2. Whidbey Island
Whidbey Island has activities for nature enthusiasts and history buffs alike. We started our day on the north side of the island, then made our way back down to the ferry so we didn’t have to backtrack. First up is Deception Pass State Park, where the North Beach provides the best view of the iconic bridge. For a quieter hiking experience, explore the Ala Spit County Park Trail, a lesser-known trail that avoids crowds.
Then head over to Oak Harbor’s colorful Murals by Allgire Project for some fun photo ops before exploring historic Coupeville, where you’ll find cute shops and scenic views. Don’t miss the hundreds of starfish under the pier! The scenic Admiralty Head Lighthouse is also located near Coupeville.
For lunch, we recommend Seabolt’s Restaurant. We had the fish and chips and clam chowder, and they hit the spot!
At Ebey’s Landing, head to the Bluff Trail where you’ll hike to spectacular views to the west. This popular trail can get busy during the summer months, so consider visiting in fall or spring for a quieter experience. If you happen to visit during the busier season, there are still a ton of other trails to explore to lower the impact on the beautiful parks. At Fort Casey State Park, you get a glimpse into the past. The fort was active up until the mid-1940s.
If you still have time, you can stroll through Meerkerk Garden’s beautiful rhododendron gardens or take in the art at Earth Sanctuary. In Langley on the south end of the island, you’ll find boutique shops and art galleries. You can even stop at Ott & Hunter to savor some local wines before heading back.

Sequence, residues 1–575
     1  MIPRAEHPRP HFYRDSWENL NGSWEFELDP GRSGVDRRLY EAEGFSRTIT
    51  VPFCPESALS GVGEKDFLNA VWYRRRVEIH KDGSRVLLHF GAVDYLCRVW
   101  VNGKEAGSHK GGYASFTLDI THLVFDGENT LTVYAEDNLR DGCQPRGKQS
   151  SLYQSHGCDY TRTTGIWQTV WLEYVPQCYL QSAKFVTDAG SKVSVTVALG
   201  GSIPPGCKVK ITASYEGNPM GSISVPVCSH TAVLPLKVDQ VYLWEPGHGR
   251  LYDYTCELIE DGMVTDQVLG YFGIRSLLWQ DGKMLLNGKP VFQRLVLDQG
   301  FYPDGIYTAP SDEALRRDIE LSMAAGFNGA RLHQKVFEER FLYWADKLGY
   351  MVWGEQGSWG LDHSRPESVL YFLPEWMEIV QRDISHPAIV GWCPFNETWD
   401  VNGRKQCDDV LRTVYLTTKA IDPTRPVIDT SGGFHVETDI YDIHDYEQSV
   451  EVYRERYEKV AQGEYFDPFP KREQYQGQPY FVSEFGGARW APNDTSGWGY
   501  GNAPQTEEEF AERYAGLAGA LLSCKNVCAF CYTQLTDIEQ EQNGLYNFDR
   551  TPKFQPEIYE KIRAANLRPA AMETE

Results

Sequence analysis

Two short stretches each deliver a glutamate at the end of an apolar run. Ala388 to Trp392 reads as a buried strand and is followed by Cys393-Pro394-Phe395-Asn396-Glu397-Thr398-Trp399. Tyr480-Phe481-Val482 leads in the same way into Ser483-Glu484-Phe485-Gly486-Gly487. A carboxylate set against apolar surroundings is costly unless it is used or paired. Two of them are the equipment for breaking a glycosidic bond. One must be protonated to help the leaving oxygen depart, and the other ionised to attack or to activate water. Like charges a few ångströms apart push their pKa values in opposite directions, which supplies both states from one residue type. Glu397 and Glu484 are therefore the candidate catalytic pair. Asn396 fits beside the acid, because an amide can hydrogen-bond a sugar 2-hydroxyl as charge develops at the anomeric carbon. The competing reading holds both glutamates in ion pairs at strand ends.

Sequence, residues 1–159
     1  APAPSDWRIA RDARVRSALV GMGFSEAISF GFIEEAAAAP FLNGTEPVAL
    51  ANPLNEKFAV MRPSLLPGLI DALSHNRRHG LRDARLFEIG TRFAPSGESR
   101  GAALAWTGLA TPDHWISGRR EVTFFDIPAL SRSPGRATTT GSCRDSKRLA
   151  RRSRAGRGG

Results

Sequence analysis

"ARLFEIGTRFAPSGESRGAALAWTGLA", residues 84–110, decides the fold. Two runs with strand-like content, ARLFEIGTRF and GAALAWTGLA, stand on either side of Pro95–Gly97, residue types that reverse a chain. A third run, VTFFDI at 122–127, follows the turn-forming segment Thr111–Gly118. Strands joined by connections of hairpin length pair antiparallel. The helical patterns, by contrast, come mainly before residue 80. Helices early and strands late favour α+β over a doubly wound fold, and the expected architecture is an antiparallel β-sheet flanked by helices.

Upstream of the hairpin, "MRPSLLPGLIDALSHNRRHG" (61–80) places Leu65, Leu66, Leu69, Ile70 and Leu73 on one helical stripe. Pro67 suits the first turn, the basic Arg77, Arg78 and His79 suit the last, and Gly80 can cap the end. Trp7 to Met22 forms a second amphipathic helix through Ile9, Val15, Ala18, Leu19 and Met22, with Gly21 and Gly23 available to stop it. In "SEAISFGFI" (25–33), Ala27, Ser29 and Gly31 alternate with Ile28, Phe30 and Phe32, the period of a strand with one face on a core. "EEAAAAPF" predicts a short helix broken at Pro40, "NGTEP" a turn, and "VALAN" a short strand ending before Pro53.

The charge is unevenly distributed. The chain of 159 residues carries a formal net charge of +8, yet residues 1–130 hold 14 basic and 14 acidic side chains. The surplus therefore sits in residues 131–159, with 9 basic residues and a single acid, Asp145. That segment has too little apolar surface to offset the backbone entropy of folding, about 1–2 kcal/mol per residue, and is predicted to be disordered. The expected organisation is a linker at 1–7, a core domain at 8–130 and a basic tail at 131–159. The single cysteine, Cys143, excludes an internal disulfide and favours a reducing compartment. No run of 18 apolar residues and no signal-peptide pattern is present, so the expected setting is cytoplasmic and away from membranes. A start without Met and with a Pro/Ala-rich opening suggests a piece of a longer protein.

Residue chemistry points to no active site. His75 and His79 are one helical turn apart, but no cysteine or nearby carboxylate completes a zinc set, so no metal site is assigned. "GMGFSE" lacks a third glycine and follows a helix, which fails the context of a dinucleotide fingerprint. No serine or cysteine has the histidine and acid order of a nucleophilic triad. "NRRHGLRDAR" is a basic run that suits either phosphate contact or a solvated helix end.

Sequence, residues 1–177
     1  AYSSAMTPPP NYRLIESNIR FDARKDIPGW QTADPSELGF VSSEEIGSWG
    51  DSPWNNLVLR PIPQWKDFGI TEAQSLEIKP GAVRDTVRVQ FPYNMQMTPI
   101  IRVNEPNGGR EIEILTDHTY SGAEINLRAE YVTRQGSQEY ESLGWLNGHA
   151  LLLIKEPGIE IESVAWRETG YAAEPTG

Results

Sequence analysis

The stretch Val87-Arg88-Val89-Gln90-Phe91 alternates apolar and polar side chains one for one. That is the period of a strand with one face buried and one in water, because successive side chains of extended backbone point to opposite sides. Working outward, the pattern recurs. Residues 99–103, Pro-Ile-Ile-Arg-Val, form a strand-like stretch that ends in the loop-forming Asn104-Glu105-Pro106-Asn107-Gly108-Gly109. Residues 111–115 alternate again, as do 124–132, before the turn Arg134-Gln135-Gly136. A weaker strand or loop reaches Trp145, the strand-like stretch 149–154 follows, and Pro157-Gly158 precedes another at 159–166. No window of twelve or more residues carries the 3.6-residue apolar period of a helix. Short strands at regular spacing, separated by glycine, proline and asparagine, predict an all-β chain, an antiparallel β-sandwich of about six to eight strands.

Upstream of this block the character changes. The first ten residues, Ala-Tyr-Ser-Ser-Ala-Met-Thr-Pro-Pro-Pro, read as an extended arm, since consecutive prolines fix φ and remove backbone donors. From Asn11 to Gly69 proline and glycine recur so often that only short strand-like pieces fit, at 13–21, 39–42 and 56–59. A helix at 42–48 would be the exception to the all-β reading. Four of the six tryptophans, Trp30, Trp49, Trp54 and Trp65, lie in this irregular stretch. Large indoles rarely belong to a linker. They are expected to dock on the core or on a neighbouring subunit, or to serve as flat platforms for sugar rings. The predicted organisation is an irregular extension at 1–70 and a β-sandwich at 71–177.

Getting to Whidbey Island from Seattle
Ferries run regularly from Seattle to Whidbey Island. Check the Mukilteo / Clinton Ferry Schedule here to plan your day and time for your return. You can find how much the ferry ride will be using this calculator (it depends on the type of vehicle and number of people traveling).
Keep in mind that on summer weekends and holidays, waits can be up to 3 hours during peak times for this ferry trip from Seattle. If you want a quieter experience, consider visiting mid-week or during the fall or spring.
3. Vashon Island
Similar in size to Bainbridge, Vashon Island is located to the south between Seattle and Tacoma and offers a blend of outdoor beauty, roadside farm stands, and artistic wonders. Start your morning exploring Point Robinson Lighthouse, where you can also see the whimsical Oscar the Bird King Troll sculpture, another creation by artist Thomas Dambo. As you’re leaving, keep an eye out for Flora Hill Popsicle Stand along the road. It’s a self-service spot where you can get popsicles and sodas.